Fourth, the CPC’s governing foundations in rural areas have been further consolidated. A large number of officials have been tempered in the fight against poverty, local CPC organizations in rural areas have seen their cohesiveness and effectiveness significantly enhanced, rural governance and management capacity at the local level has improved markedly, and the relationship between the Party and the public and between officials and the public has continued to improve.
The success and experience that we have gained in poverty alleviation have contributed Chinese wisdom and solutions to the cause of global poverty reduction, demonstrating the political strength of the CPC’s leadership and China’s socialist system and winning praise from the international community. Many countries and international organizations have expressed their hope to benefit from China’s experience in poverty reduction. China is the only developing country that has simultaneously brought about rapid development and large-scale poverty reduction and enabled the poor population to share the fruits of reform and development. This is a miraculous achievement.
While acknowledging our achievements, we must also be clearly aware of the difficulties and problems that we face as we push toward an overall victory in the fight against poverty. These fall into three main categories.
The first includes problems that directly impact our efforts to realize our objectives in fighting poverty. For example, there are regions failing to accurately apply poverty alleviation standards. Some have lowered standards and claimed that they have exited poverty without seeing that the “two assurances and three guarantees” are fully in place. Even more have raised standards by pursuing free medical services, free education, or relocation with excessive living space. Such actions are not sustainable since they give no consideration to our national conditions. Another problem is that deeply impoverished areas are still facing daunting poverty alleviation tasks. There are still 1.72 million people registered as living in poverty in the “three regions” (Tibet, the four prefectures of Hotan, Aksu, Kashgar, and Kizilsu in southern Xinjiang, and the ethnic Tibetan areas in Sichuan, Yunnan, Gansu, and Qinghai) and the “three prefectures” (Liangshan Yi Autonomous Prefecture in Sichuan, Nujiang Lisu Autonomous Prefecture in Yunnan, and Linxia Hui Autonomous Prefecture in Gansu). With a poverty rate of 8.2%, these areas make up 12.5% of the country’s poor population. There are still 98 counties across the country where the poverty rate is above 10%. In these counties, there are 3.596 million people registered as living in poverty, accounting for 26% of the country’s poor population, and the poverty rate is 13.3 percentage points higher than the national rate. These areas represent the most stubborn challenge in our fight against poverty. Furthermore, we have yet to secure the “three guarantees,” since weak links still exist in guaranteeing access to compulsory education, basic medical services, safe housing, and safe drinking water. At present, issues covered in the “three guarantees” have yet to be resolved for 14% of the country’s poor population. Finally, we have seen efforts slacken after exits from poverty, with some counties abandoning poverty alleviation projects, shirking their responsibilities, or choosing to take a break, while others have wasted energy and resources on celebrations instead of building on their achievements.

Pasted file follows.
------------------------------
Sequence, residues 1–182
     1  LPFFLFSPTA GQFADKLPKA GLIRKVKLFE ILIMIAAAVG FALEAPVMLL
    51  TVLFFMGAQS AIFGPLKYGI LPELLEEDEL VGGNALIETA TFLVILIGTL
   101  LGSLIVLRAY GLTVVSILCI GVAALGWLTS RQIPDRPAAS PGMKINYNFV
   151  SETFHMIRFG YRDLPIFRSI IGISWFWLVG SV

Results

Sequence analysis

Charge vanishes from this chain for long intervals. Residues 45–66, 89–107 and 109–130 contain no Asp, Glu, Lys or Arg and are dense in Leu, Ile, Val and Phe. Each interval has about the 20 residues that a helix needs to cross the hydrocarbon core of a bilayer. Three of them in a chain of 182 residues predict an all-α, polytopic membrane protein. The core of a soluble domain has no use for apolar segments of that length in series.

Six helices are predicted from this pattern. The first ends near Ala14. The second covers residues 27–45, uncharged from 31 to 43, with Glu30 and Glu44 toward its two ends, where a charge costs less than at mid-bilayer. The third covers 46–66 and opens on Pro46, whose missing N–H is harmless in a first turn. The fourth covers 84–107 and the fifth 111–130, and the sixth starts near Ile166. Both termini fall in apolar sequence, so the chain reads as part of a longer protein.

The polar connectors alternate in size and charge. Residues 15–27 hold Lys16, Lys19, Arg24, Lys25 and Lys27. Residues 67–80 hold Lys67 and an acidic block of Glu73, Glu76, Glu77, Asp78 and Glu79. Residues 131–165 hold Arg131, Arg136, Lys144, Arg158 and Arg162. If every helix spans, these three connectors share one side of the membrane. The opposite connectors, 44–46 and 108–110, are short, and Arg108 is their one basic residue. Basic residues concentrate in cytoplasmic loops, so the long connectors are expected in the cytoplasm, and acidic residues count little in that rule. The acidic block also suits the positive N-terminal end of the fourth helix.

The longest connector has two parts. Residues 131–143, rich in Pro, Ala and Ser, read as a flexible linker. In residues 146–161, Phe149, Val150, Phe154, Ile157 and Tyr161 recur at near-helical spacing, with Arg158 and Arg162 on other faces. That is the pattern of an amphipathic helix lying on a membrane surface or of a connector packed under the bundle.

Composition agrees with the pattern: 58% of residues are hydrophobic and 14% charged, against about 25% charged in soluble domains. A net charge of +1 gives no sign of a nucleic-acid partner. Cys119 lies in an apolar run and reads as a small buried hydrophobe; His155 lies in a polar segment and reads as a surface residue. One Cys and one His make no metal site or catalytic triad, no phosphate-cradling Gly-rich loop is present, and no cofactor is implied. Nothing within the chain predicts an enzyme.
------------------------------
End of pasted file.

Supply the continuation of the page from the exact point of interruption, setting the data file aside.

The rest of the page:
The second includes further improvements that need to be made to our work. For example, numerous problems have emerged in poverty alleviation such as failure to assume responsibilities, implement policies, and carry out initiatives, going through formalities for formality sake and bureaucratic practices, deception and manipulation of figures, and misappropriation of poverty alleviation funds.
The third includes problems that need to be resolved gradually over the long term. For example, the foundations for industrial development are weak, follow-up assistance measures for poor people that have been relocated are insufficient, and long-term mechanisms for people to steadily make their way out of poverty have yet to be established. Among poor population, there is a lack of endogenous drive as well as outmoded customs and habits are difficult to break away from. We must properly resolve these problems by setting clear priorities. For problems that must and can be resolved, we should work quickly to find solutions so that they do not hinder us from completing our objectives in the fight against poverty. For certain protracted problems that cannot be solved overnight, we should make overall arrangements and lay the groundwork for them to be resolved in a step-by-step manner.